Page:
Brougham Castle

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Image Source: Vivienne Crow

Red Sandstone Medieval Castle

Brougham Castle has long inspired poets and artists. While antiquarians and early travel writers waxed lyrical, the scene was painted by J M W Turner and the site features in two poems by William Wordsworth. It’s no wonder really. The handsome, red sandstone ruins of the medieval castle occupy a particularly picturesque setting on the banks of the River Eamont.

Brougham Castle main keep

Built Early 13th Century

Brougham castle was built in the early 13th century next to the site of the Roman Fort Brocavum. Many centuries earlier, the Roman fort had guarded the crossing of the River Eamont. Some of the stone from this earlier structure was used to build the castle. Modern visitors who climb the keep’s dark, spiral stairway will spot a Roman memorial slab in the ceiling as they approach the second floor.

Journey Through Time at the Moated Keep

Surrounded by a moat on three sides, the castle is approached via a cobbled causeway. As well as the five-storey keep, other structures that have survived the years include an unusual double gatehouse, substantial curtain walls and a four-storey tower, known as the Tower of League. The great keep largely survives, so there is lots to explore.

Aubretia growing on the walls of Brougham Castle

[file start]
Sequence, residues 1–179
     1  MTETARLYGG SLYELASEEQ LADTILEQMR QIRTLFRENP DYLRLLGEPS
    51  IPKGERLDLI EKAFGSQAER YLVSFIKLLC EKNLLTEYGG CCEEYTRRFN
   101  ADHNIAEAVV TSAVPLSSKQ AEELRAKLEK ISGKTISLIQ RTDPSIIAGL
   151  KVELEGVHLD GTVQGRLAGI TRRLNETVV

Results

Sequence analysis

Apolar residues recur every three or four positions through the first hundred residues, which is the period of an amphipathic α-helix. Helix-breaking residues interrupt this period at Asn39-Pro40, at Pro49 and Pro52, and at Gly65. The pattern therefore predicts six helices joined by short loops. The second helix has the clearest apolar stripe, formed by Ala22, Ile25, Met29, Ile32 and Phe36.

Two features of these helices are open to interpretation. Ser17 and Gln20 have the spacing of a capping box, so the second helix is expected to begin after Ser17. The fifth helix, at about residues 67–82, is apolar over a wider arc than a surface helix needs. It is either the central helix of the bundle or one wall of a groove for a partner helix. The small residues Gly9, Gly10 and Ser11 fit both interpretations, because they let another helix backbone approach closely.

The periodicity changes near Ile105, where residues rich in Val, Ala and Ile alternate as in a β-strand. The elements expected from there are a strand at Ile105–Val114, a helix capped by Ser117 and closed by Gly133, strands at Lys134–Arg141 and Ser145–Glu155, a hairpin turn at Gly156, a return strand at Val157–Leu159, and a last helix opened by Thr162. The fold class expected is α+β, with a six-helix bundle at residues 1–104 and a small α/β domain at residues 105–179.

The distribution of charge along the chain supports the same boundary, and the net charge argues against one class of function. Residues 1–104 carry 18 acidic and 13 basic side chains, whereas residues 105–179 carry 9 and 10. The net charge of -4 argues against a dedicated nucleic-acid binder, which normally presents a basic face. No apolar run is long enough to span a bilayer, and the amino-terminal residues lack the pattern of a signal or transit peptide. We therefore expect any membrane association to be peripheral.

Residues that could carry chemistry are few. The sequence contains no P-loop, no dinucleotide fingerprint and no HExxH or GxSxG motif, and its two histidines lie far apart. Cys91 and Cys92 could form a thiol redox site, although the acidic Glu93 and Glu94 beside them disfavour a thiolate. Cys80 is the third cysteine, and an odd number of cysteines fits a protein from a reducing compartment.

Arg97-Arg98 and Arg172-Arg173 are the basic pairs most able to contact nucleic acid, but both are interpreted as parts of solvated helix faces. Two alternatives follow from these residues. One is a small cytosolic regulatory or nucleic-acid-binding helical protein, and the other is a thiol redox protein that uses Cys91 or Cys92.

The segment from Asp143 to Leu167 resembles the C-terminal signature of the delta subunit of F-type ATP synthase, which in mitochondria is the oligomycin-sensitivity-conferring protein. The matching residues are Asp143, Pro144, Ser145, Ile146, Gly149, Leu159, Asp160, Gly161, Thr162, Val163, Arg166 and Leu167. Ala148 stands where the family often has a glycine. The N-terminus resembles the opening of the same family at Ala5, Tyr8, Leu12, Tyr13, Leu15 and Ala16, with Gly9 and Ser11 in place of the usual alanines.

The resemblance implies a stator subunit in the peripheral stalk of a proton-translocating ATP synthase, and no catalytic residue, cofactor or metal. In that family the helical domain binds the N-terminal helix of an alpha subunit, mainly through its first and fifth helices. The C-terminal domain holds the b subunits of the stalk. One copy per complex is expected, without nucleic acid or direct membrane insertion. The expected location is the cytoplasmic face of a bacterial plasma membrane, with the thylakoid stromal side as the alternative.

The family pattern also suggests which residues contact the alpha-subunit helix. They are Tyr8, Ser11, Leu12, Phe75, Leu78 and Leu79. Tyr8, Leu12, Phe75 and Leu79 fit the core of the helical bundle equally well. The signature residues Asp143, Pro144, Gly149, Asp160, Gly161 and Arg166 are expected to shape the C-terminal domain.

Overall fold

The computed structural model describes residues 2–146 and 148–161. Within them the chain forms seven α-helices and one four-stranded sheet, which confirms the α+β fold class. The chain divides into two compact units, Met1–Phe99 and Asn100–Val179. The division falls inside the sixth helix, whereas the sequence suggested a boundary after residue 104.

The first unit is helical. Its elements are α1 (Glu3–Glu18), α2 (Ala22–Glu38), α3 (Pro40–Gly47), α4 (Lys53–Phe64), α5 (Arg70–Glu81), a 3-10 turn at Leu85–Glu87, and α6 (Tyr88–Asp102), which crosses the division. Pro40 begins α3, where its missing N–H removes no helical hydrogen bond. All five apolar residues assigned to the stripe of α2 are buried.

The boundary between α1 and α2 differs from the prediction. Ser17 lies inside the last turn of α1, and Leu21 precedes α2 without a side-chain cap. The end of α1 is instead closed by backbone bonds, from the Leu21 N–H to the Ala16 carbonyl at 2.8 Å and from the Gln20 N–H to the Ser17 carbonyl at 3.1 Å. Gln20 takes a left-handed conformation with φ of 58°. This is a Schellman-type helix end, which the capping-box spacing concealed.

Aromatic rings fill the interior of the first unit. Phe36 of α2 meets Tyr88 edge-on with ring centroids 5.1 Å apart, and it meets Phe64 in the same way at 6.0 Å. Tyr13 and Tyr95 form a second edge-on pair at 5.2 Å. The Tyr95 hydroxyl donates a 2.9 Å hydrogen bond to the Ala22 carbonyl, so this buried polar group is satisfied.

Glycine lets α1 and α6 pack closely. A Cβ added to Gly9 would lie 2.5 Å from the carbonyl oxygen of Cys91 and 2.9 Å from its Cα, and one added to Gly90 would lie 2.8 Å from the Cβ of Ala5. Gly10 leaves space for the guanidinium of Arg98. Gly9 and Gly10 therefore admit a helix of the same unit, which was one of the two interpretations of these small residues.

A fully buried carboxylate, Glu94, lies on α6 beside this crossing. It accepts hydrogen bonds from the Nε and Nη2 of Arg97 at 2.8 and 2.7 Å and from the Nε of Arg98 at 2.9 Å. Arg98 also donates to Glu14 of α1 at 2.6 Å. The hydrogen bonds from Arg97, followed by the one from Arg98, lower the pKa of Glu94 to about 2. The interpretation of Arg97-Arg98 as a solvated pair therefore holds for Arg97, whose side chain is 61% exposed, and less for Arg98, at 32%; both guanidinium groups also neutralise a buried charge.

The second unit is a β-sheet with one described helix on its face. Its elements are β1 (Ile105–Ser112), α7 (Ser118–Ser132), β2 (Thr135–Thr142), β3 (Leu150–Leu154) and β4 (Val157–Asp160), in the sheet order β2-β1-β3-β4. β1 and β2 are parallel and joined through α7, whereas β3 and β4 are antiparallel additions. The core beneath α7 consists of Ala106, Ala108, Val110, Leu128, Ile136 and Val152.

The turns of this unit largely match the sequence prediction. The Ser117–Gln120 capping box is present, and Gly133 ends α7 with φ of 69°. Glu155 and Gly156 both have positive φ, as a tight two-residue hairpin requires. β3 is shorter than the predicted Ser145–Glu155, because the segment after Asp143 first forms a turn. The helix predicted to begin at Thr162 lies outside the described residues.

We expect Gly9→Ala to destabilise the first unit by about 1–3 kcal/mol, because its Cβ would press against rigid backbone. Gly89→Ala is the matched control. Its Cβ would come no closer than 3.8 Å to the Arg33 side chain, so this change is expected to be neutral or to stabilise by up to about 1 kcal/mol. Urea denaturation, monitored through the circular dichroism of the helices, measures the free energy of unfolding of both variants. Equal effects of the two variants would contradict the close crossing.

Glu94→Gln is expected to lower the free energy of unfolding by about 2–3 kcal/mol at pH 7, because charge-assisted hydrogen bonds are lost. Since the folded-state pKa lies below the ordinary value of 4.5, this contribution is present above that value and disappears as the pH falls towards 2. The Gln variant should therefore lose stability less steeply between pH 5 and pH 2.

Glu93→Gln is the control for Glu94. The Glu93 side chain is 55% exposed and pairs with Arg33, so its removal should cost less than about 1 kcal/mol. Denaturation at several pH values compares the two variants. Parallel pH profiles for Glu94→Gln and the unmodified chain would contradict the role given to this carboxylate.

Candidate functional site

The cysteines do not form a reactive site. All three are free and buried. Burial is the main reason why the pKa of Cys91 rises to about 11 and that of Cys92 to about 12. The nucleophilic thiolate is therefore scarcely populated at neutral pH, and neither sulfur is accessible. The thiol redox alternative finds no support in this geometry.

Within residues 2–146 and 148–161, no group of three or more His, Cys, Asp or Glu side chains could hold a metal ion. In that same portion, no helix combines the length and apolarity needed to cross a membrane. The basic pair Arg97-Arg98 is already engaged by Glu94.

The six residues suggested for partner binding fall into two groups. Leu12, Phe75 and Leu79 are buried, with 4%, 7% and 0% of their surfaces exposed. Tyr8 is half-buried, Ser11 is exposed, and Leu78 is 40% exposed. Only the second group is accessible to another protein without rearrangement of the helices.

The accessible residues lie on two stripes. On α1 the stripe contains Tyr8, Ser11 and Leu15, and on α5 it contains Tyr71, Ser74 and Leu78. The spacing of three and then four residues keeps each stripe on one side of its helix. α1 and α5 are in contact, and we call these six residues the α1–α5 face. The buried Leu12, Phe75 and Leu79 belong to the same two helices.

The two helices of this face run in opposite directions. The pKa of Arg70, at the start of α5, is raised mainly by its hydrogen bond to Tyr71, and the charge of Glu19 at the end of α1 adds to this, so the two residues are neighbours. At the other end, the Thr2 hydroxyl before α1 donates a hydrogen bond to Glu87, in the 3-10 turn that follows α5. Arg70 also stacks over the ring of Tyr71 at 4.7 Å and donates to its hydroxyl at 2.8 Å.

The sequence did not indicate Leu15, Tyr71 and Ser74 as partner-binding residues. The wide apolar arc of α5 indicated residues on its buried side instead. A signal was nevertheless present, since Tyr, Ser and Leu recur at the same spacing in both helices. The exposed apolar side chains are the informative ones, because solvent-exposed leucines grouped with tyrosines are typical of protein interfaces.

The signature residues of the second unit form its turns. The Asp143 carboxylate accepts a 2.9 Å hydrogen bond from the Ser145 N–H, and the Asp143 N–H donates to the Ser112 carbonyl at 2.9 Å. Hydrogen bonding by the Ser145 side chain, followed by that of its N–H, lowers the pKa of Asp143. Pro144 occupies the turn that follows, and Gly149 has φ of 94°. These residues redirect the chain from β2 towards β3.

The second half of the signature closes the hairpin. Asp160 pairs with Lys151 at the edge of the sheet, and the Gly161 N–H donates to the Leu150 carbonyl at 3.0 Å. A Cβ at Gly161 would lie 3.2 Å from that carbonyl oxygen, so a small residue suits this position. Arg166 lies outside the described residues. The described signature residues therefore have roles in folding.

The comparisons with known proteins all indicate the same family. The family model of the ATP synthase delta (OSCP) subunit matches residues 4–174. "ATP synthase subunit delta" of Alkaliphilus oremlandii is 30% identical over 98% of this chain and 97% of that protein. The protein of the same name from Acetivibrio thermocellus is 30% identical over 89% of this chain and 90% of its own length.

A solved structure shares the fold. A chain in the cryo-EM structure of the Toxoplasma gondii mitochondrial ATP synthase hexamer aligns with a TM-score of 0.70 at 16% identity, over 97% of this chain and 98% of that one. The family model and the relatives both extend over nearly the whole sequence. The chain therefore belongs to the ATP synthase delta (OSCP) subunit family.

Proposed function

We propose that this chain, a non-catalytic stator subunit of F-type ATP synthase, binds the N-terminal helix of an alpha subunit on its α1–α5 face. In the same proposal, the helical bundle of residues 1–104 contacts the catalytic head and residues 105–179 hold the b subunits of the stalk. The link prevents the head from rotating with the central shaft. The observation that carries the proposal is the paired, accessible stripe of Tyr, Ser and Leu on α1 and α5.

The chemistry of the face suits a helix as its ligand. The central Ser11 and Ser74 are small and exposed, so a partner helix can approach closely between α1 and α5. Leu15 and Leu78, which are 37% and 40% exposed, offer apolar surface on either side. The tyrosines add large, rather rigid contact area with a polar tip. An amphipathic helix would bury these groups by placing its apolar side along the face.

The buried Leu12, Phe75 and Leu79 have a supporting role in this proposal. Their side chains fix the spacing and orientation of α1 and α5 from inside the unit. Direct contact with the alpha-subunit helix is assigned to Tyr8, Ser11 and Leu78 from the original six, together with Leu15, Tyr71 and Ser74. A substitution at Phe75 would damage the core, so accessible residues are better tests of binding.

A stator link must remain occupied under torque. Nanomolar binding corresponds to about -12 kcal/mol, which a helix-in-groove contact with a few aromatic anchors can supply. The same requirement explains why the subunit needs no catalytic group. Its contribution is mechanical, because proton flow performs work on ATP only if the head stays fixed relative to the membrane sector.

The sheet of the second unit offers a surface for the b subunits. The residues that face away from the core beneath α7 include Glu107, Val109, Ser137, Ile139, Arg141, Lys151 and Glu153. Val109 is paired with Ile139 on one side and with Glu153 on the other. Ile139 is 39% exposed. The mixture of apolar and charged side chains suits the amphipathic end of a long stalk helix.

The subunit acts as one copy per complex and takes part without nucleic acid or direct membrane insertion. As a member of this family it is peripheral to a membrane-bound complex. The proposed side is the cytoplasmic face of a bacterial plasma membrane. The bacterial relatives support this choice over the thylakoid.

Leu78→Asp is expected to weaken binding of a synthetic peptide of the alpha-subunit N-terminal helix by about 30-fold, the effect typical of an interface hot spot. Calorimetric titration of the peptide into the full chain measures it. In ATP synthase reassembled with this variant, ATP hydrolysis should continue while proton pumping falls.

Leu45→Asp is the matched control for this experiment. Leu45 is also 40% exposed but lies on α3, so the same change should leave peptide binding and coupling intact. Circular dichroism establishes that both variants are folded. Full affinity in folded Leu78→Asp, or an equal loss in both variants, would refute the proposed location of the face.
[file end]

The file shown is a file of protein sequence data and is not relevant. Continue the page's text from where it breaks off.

Royal Visitors at Brougham Castle

Like so many castles in England’s far north, Brougham (pronounced ‘Broom’) played its part in the border wars with the Scots and internal rebellions and uprisings. It has also welcomed its fair share of royal visitors, including Edward I, the so-called Hammer of the Scots, and James I, in whose honour a lavish banquet was held in 1617. The property was passed to the Clifford family. It is one of many castles and churches restored by Lady Anne Clifford. Later in the seventeenth century, she’d fought hard for her right to inherit them.

Brougham castle keep from inside the walls


Brougham Castle is located less than two miles southeast of Penrith’s town centre, close to the A66. Other nearby historical attractions include the ornate Countess Pillar, built by Lady Anne Clifford in 1656; the fourteenth-century Brougham Hall, now home to craft workshops, a café and small businesses; the secluded, disused church of Ninekirks; and two Neolithic sites, Mayburgh Henge and King Arthur’s Round Table.

More information

Address: Moor Lane , Penrith, Cumbria, CA10 2AA

Opening times: https://www.english-heritage.org.uk/visit/places/brougham-castle/prices-and-opening-times/

Website: https://www.english-heritage.org.uk/visit/places/brougham-castle